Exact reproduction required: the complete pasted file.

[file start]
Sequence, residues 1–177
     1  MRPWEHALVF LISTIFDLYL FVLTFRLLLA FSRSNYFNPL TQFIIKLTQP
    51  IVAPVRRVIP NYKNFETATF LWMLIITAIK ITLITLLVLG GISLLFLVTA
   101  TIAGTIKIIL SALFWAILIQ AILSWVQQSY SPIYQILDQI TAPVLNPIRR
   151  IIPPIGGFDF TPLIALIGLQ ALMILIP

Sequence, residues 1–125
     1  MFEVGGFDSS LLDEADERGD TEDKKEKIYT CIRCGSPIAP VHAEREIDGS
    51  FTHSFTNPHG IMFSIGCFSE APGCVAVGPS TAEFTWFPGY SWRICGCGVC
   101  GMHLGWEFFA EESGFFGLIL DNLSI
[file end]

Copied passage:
Sequence, residues 1–177
     1  MRPWEHALVF LISTIFDLYL FVLTFRLLLA FSRSNYFNPL TQFIIKLTQP
    51  IVAPVRRVIP NYKNFETATF LWMLIITAIK ITLITLLVLG GISLLFLVTA
   101  TIAGTIKIIL SALFWAILIQ AILSWVQQSY SPIYQILDQI TAPVLNPIRR
   151  IIPPIGGFDF TPLIALIGLQ ALMILIP

Sequence, residues 1–125
     1  MFEVGGFDSS LLDEADERGD TEDKKEKIYT CIRCGSPIAP VHAEREIDGS
    51  FTHSFTNPHG IMFSIGCFSE APGCVAVGPS TAEFTWFPGY SWRICGCGVC
   101  GMHLGWEFFA EESGFFGLIL DNLSI